ARMAGH, Northern Ireland – Cardinal Cahal Daly, the former primate of all Ireland and an outspoken critic of paramilitary violence and poverty in Northern Ireland, was a man “ahead of his time,” his successor told mourners.
“As early as 1973 he was working with other Christian leaders in the search for peace,” Cardinal Sean Brady of Armagh told mourners at the Jan. 5 funeral at St. Patrick’s Cathedral. “A report which they prepared at that time set out principles for a nonviolent way forward for the divided communities of Northern Ireland. Today its language bears a remarkable similarity to that of political agreements we have now.”
Cardinal Brady said his predecessor remained adamant that “justice, mutual respect and purely peaceful means were the only way forward. It was a source of considerable satisfaction for him later to see politicians take courageous risks for peace. As he would often pray from the psalms, ‘Mercy and faithfulness have met, justice and peace have embraced.’
“Our task today is to continue along the path of mercy and to tackle all remnants of sectarianism in our midst,” he said.
Cardinal Daly, 92, died Dec. 31.
In a telegram released Jan. 2, Pope Benedict XVI recalled the cardinal’s “long years of devoted pastoral service to the church” and expressed gratitude for his “sustained efforts in the promotion of justice and peace in Northern Ireland.”
Cardinal Daly was best remembered for his contribution to ecumenical relations at a time when sectarian violence increased in Northern Ireland.
As the former bishop of Down and Connor – the Northern Ireland diocese that includes the province’s main city of Belfast – he witnessed firsthand the bloodshed waged by the Irish Republican Army.
At his installation as archbishop of Armagh and primate of Ireland in 1990, he called on the IRA to end its strategy of terror and urged a government-sponsored “new deal” to aid economically depressed Catholic neighborhoods in West Belfast.
He believed an effective redevelopment plan for West Belfast would “do more for ending the violence than any security policy.”
The cardinal also was involved in ecumenical work and urged Irish Catholics and Protestants to “help one another to stay faithful to Christ in a world where more and more people walk away from him.”
A firm supporter of the Northern Ireland peace process, the cardinal rejected the idea that the province’s problems could be solved by forming an independent state.
In 1992, when Cardinal Daly turned 75 and offered his resignation to Pope John Paul II, the offer was refused, which left the cardinal to lead the Irish church through one of its most difficult periods in modern history as a series of child abuse cases involving clerics came to light.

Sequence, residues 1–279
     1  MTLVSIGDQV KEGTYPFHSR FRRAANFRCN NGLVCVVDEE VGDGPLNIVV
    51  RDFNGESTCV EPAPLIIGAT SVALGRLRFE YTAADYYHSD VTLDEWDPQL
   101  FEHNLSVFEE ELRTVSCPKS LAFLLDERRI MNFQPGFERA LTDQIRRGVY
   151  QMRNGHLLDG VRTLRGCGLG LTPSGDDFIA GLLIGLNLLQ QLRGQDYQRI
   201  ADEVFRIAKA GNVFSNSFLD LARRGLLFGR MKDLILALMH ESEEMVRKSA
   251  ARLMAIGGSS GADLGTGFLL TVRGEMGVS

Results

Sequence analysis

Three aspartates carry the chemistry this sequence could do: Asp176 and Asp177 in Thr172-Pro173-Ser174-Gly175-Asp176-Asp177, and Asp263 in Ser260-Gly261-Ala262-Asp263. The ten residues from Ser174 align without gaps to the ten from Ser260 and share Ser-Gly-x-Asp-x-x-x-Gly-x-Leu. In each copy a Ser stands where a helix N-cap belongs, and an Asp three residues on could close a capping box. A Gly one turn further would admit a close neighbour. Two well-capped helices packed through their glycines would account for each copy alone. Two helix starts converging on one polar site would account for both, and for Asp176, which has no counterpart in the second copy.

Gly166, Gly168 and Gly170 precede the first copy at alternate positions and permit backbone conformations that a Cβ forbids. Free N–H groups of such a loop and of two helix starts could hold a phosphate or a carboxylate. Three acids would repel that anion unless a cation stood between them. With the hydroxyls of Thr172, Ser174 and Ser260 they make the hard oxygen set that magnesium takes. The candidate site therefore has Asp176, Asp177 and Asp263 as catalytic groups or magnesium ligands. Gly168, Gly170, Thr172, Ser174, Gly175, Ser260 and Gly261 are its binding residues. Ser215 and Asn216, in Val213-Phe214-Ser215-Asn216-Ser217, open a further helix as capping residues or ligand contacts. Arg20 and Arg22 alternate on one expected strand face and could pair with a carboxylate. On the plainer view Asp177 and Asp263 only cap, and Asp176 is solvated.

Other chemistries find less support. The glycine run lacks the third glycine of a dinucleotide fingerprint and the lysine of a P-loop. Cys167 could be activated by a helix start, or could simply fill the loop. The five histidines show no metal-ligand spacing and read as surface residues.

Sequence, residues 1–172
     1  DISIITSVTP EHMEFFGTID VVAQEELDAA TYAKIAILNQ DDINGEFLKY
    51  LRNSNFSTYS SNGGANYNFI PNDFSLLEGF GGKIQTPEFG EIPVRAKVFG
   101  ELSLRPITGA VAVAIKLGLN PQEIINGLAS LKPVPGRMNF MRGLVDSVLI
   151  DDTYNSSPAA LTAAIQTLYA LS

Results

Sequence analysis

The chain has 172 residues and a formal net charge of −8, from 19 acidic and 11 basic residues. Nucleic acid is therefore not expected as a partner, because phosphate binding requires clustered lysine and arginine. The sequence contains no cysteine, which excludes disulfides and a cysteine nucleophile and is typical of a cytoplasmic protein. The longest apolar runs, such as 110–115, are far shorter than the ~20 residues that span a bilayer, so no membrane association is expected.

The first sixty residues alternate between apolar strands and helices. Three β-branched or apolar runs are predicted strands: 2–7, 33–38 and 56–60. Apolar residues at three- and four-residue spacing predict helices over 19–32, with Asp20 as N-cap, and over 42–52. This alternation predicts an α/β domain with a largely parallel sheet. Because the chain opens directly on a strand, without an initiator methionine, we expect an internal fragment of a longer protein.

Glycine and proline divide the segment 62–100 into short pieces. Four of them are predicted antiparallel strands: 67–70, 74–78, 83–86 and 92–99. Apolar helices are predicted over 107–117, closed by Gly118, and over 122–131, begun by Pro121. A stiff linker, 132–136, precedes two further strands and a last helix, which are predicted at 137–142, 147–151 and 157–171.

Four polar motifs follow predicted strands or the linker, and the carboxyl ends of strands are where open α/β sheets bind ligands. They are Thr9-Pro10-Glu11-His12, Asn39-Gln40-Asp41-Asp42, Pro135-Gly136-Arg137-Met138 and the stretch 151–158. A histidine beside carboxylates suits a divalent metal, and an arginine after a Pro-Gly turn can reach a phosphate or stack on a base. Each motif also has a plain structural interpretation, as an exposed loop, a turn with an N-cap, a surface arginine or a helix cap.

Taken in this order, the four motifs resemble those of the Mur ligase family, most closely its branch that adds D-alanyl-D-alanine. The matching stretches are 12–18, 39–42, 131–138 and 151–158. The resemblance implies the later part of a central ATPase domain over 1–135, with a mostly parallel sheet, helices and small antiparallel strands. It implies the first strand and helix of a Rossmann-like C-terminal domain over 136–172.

Saying the scandals caused him much personal pain, he repeatedly apologized for the harm caused by church members and took the unprecedented step of appearing on a live television talk show to make his apology more widely known.
He also played a major role in drawing up new procedures for how the church should respond to the problem in a policy document, “The Framework for a Church Response to Child Abuse,” published in 1996.
Cardinal Brady told those at Cardinal Daly’s funeral that rebuilding trust within Ireland’s Catholic Church “will entail making sure that children are safe at every moment and in every church setting. It will require complete commitment to the path initiated by Cardinal Daly, of working with the civil authorities and whole parish communities to ensure best practice, cooperation and accountability in safeguarding children in all church activities.”
Cardinal Daly also rallied for more effective action in protecting the environment and called for a real change of lifestyle to protect the planet. He wrote a book, “The Minding of Planet Earth,” in 2004 and said that given the scale of looming ecological crisis, much of what had been done up to that point was mere tokenism.
A native of Northern Ireland, Cardinal Daly was born in 1917 in County Antrim’s largely Catholic town of Loughguile, where relations with the Protestant minority had been described as always good.
He was educated at St. Malachy’s College in Belfast and earned a master’s degree from Queen’s University Belfast. He then went to the national seminary, St. Patrick’s College, Maynooth, where he was ordained in 1941 for the Diocese of Down and Connor.
After earning a doctorate in divinity from Maynooth in 1945, he spent the next 21 years as a lecturer in scholastic philosophy at Queen’s University.
He attended the Second Vatican Council as a theological adviser to members of the Irish hierarchy and was named bishop of Ardagh and Clonmacnois in 1967. He served there until his appointment to Down and Connor in 1982.
In 1990 he was named archbishop of Armagh, which made him the spiritual leader of all the Catholics of the island of Ireland – both those of British Northern Ireland and the Irish Republic.
He was made a cardinal in 1991 and retired as the primate of all Ireland on his 79th birthday in 1996.
His death leaves the College of Cardinals with 183 members, 112 of whom are under age 80 and therefore eligible to vote in a conclave.